QUILTS & FABRIC: PAST & PRESENT

QUILTS & FABRIC: PAST & PRESENT By Quilt Historian Barbara Brackman Above: Moda's Baltimore Blues. It's not all blue.

Tuesday, January 24, 2012

150 Years Ago in the Civil War

Julia Ward Howe published the
Battle Hymn of the Republic in 1862

2012 is the 150th anniversary of the second year of the Civil War, the second of five years. This year's reproduction print collection 1862 Battle Hymn, commemorates events of that year when Americans realized that the Confederates were not to be intimidated or easily subdued, that Union armies needed training and leadership and that Civil War meant battles in the front yard.

A family stunned by the nearby Battle of Cedar Mountain, 1862
Detail of a photo from the Library of Congress
  

Julia Ward Howe wrote new words to the song that Union soldiers sang as they marched. Her Battle Hymn of the Republic was published in the February, 1862 issue of the Atlantic Monthly, to become an American classic.

Read more about Julia Ward Howe's Battle Hymn in this post on my 2011 Civil War blog


Timothy H. O'Sullivan photographed the Virginia family outside their house where a Confederate General died. They happened to be in the way when the battle broke out.

Behind them broken furniture, trees and fences.


Hampton Roads
Each of the 8 prints in the reproduction collection is named for a battle from that year.

Shiloh

Corinth

Chantilly

Cedar Mountain

Yorktown

Memphis

Valverde

See a gallery of pictures from 1862 in the Library of Congress by clicking here:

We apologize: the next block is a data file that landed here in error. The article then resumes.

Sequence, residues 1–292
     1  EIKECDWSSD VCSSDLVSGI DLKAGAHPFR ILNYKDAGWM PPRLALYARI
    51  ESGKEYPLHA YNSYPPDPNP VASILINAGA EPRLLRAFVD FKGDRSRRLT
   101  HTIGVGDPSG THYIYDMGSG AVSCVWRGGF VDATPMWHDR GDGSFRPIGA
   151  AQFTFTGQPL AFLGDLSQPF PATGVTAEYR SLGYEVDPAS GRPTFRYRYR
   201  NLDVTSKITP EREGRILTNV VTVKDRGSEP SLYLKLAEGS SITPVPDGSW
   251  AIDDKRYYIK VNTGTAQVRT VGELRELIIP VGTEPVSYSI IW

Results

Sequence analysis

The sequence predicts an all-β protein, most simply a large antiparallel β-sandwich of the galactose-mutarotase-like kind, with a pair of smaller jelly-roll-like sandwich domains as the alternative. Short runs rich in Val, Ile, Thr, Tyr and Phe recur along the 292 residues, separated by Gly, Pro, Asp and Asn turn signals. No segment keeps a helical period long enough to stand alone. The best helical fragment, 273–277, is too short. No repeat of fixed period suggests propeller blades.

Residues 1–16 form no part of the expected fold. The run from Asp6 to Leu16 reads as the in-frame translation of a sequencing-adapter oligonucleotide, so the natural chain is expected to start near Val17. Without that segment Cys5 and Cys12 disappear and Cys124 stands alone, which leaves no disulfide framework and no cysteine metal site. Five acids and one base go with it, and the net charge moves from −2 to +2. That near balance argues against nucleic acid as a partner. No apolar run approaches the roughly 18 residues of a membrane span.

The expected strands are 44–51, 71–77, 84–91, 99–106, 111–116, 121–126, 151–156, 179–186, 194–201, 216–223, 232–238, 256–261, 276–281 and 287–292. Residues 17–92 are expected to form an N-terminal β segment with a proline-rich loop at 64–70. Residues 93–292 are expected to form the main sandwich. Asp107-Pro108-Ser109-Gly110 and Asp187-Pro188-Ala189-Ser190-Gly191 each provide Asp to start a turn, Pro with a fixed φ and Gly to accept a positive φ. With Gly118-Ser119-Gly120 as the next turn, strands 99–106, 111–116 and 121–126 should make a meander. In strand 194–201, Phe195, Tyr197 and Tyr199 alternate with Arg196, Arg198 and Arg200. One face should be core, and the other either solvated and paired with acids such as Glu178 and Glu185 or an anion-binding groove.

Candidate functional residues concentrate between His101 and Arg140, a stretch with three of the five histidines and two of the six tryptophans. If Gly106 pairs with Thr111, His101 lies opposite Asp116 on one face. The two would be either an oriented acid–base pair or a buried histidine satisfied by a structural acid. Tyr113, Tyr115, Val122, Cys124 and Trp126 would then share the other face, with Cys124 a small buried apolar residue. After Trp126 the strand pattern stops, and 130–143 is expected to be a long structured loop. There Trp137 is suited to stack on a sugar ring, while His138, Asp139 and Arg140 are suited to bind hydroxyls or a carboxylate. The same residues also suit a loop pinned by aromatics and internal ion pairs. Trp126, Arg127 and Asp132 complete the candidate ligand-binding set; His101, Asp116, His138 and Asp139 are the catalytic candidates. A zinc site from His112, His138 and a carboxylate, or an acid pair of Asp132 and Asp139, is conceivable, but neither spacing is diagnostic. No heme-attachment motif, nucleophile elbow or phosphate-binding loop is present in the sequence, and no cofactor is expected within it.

http://www.loc.gov/rr/print/list/picamer/paCw1862.html

And keep up with the New York Times's Disunion blog that records the year 1862 in short essays:

5 comments:

susan said...

Amazing photos showing this historical event. The sadness is visible in their
faces and bodies. The fabrics inspired from this era however are just beautiful.

WoolenSails said...

I can attest to the beauty of this fabric, now if I can decide on something beautiful to make with them. Would like to mix appliqué and piecing together.

Debbie

Anonymous said...

The pictures taken of that time are so revealing. Thank you for sharing these. I think you meant to say that people of the Union states realized that the Confederates were not going to be intimidated. Confederates were American, too.

Katie in Texas

Barbara Brackman said...

No. I meant the Confederates themselves realized they weren't going to be intimidated either. But maybe I could have phrased that to make it clearer.

Marisa said...

Barbara,
Are these reproduction fabrics available already or how would one find them? Thanks, Marisa